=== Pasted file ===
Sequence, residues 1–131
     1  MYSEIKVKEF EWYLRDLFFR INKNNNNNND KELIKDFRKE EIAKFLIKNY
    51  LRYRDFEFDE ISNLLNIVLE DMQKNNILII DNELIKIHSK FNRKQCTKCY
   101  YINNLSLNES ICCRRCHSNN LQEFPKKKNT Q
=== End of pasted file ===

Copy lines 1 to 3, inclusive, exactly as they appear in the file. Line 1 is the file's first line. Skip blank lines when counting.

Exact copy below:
Sequence, residues 1–131
     1  MYSEIKVKEF EWYLRDLFFR INKNNNNNND KELIKDFRKE EIAKFLIKNY
    51  LRYRDFEFDE ISNLLNIVLE DMQKNNILII DNELIKIHSK FNRKQCTKCY